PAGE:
A mother who nearly lost her son to one of the biggest killers of newborns in Britain is campaigning for better testing of pregnant women to help stop more babies dying.
Britain is one of only a handful of developed countries that does not routinely test to see if pregnant women are carrying the Group B Strep – a form of meningitis that is a harmless bacteria carried around by lots of adults, but it can be fatal if it’s passed on to a baby during labour.
Justine Baker, from Taunton, Somerset, is one of thousands of people lobbying the Government to offer the test to pregnant women.
If they are a carrier of Group B Strep – or GBS – antibiotics can be given to them during labour which stops the infection being passed on to their soon-to-be-born child.
That is exactly what happened to Justine’s second child, Harrison, four years ago. He became extremely ill within hours of being born, but was saved by a quick-thinking doctor.
“GBS is one of the biggest killers of newborn babies in the UK, but sadly many people have never heard of it or the heartache it can cause for families,” she said. “Within eight hours of Harrison’s birth, he was fighting for his life in neonatal at Musgrove Park Hospital.
“He was my second child and so you would have thought we had heard about GBS before, but neither me nor my husband had ever heard of it and I never knew that I was a carrier.
“If it wasn’t for the quick thinking of a neonatal doctor at the hospital who decided to give him antibiotics as a precaution, he would not be alive today,” she said.
“Harrison spent the first few weeks of his life fighting for his life and us as parents could do nothing other than watch in utter despair. However, we were one of the lucky ones as he survived and without any long-term problems. Sadly, this is often not the case for babies who get the infection.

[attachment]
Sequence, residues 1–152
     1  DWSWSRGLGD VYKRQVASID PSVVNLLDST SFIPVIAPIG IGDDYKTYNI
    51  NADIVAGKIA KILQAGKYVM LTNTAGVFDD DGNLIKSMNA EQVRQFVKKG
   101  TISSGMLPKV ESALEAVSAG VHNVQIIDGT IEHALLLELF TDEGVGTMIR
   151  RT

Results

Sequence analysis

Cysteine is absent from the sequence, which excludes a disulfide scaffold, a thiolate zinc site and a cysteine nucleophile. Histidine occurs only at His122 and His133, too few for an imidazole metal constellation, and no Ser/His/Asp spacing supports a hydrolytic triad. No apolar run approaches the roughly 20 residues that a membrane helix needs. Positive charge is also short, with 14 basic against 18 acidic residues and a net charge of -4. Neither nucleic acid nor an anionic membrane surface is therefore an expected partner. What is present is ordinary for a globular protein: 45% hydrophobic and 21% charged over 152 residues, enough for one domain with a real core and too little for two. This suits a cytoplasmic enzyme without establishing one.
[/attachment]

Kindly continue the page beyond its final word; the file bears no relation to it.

“GBS is a form of meningitis and we all know how dangerous that is. After the support we received as a family from the charity, Group B Strep Support (GBSS) we wanted to help raise awareness of this infection and campaign for the test to be offered routinely for women.
“During pregnancy, women are offered tests for a number of diseases and infections so why not GBS? Finally after years of campaigning by GBSS there is a public consultation being done by the National UK Screening Committee, so finally parents’ voices will be listened to.
“I would urge all parents and anyone who would like to have a family to take the time to tell the NCS to offer the test routinely to women.
“When we found out that a simple test and antibiotics could have stopped Harrison being so gravely ill and save us as a family the distress and upset of watching him helplessly fight for his life, we were astounded and angry.”
Justine said people should find out more by visiting www.gbss.org.uk and respond to the consultation.
“I would not want any other family to go through what we went through,” she said.
“It really will help save babies lives.”